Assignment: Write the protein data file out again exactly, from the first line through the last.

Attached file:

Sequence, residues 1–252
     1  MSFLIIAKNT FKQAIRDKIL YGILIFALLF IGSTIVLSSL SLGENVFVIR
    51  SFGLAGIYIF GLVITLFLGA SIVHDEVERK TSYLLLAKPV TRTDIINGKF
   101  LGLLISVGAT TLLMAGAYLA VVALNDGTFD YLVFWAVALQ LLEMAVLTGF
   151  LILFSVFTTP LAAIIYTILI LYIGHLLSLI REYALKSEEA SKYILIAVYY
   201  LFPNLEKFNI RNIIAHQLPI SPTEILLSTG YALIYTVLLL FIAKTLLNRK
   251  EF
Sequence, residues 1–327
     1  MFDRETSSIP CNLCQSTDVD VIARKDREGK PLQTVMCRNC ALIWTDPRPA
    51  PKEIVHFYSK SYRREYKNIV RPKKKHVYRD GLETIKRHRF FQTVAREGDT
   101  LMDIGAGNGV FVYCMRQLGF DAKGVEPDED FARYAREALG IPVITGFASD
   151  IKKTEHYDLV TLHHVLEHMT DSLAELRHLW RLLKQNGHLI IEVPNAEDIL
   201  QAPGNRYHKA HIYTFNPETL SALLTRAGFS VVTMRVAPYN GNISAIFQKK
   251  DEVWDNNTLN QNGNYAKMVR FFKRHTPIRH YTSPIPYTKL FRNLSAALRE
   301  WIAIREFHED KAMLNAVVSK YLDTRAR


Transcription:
Sequence, residues 1–252
     1  MSFLIIAKNT FKQAIRDKIL YGILIFALLF IGSTIVLSSL SLGENVFVIR
    51  SFGLAGIYIF GLVITLFLGA SIVHDEVERK TSYLLLAKPV TRTDIINGKF
   101  LGLLISVGAT TLLMAGAYLA VVALNDGTFD YLVFWAVALQ LLEMAVLTGF
   151  LILFSVFTTP LAAIIYTILI LYIGHLLSLI REYALKSEEA SKYILIAVYY
   201  LFPNLEKFNI RNIIAHQLPI SPTEILLSTG YALIYTVLLL FIAKTLLNRK
   251  EF
Sequence, residues 1–327
     1  MFDRETSSIP CNLCQSTDVD VIARKDREGK PLQTVMCRNC ALIWTDPRPA
    51  PKEIVHFYSK SYRREYKNIV RPKKKHVYRD GLETIKRHRF FQTVAREGDT
   101  LMDIGAGNGV FVYCMRQLGF DAKGVEPDED FARYAREALG IPVITGFASD
   151  IKKTEHYDLV TLHHVLEHMT DSLAELRHLW RLLKQNGHLI IEVPNAEDIL
   201  QAPGNRYHKA HIYTFNPETL SALLTRAGFS VVTMRVAPYN GNISAIFQKK
   251  DEVWDNNTLN QNGNYAKMVR FFKRHTPIRH YTSPIPYTKL FRNLSAALRE
   301  WIAIREFHED KAMLNAVVSK YLDTRAR